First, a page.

G.R. Scott Budinger, M.D., Gokhan M Mutlu, M.D.
R01ES015024, R21ES025644, U01ES026718, R01ES013995
The diabetes drug metformin may reduce inflammation triggered by air pollution exposure, according to an NIEHS-funded study. The researchers reported that metformin prevented immune cells known as macrophages from releasing an inflammatory molecule called interleukin-6 (IL-6), which has been linked to heart attacks and strokes.
Mice were exposed to particulate matter air pollution and treated with or without metformin for three days. Treatment with metformin prevented the release of IL-6 in mice and reduced the susceptibility to arterial thrombosis, or blood clots, in the artery. The researchers also exposed both human and mouse lung cells to metformin treatment and found that it prevented the release of IL-6 following air pollution exposure.
Because several cellular processes in the mitochondria are required to release IL-6, the researchers tested the effects of air pollution on mice lacking certain mitochondrial proteins. Similar to mice treated with metformin, those lacking certain mitochondrial proteins were also protected against pollution-induced acceleration of arterial thrombosis, which suggested the involvement of mitochondria in this process.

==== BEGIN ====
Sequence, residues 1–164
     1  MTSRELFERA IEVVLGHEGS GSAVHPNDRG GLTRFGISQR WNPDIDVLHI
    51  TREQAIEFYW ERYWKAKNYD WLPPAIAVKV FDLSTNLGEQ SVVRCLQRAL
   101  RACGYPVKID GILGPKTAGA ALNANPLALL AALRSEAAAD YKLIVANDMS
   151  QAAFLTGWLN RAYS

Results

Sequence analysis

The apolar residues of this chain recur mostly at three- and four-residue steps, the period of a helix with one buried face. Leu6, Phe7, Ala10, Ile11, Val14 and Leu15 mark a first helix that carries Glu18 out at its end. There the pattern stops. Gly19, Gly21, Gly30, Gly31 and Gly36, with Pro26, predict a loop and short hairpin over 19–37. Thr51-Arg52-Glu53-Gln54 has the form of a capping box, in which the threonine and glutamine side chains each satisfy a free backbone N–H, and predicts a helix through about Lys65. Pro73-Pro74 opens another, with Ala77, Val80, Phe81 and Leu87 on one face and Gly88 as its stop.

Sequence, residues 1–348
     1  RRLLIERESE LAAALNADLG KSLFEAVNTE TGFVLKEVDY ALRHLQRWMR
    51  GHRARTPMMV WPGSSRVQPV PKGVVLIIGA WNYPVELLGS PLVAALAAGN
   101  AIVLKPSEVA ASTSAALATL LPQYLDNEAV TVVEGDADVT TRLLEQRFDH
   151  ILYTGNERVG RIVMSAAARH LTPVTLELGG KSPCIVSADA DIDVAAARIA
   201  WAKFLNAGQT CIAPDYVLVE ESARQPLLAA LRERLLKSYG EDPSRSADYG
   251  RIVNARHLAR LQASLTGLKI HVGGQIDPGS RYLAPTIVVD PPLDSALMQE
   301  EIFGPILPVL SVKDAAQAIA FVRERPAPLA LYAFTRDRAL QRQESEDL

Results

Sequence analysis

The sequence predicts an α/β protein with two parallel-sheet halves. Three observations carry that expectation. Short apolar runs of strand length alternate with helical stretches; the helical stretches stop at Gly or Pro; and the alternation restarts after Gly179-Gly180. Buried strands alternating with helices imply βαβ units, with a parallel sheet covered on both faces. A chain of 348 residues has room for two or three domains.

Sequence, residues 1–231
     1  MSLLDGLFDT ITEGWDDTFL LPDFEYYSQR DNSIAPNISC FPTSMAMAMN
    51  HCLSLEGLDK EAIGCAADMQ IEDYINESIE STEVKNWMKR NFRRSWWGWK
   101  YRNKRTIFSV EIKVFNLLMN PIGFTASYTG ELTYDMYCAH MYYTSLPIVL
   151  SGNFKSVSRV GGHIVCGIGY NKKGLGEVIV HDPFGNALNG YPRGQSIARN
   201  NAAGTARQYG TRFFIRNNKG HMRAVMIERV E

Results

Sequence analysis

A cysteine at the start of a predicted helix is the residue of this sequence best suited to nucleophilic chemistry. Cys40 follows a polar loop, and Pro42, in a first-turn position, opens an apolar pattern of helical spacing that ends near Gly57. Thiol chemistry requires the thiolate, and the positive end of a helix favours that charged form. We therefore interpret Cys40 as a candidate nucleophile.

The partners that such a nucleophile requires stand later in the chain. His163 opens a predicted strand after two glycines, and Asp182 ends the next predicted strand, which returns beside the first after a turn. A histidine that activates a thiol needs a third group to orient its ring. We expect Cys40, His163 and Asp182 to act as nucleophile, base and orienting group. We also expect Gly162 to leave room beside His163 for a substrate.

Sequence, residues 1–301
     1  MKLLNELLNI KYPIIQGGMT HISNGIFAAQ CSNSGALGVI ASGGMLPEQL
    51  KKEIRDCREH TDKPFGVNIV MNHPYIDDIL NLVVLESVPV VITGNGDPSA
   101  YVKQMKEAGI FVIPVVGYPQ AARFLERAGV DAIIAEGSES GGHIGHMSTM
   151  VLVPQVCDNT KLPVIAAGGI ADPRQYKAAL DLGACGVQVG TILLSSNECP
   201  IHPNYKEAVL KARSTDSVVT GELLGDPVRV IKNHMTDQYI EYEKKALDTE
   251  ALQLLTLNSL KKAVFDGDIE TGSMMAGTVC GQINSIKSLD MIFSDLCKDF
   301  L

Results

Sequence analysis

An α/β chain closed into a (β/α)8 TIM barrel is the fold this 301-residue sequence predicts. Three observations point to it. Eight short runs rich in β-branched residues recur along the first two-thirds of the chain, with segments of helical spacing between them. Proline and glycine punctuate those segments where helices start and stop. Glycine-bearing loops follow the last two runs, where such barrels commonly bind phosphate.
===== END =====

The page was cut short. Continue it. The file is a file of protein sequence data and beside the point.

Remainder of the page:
Metformin is a safe and inexpensive drug used by more than 100 million diabetes patients worldwide. According to the authors, these findings suggested that metformin also has the potential to prevent inflammation caused by air pollution exposure.
Citation: Soberanes S, Misharin AV, Jairaman A, Morales-Nebreda L, McQuattie-Pimentel AC, Cho T, Hamanaka RB, Meliton AY, Walter JM, Chen CI, Chi M, Chiu S, Gonzalez-Gonzalez FJ, Antalek M, Adbala-Valencia H, Chiarella SE, Sun KA, Woods PS, Ghio AJ, Jain M, Perlman H, Ridge KM, Morimoto RI, Sznajder JI, Balch WE, Bhorade SM, Bharat A, Prakriya M, Chandel NS, Mutlu GM, Budinger GRS. 2018. Metformin targets mitochondrial electron transport to reduce air pollution-induced thrombosis. Cell Metab 29:1-13.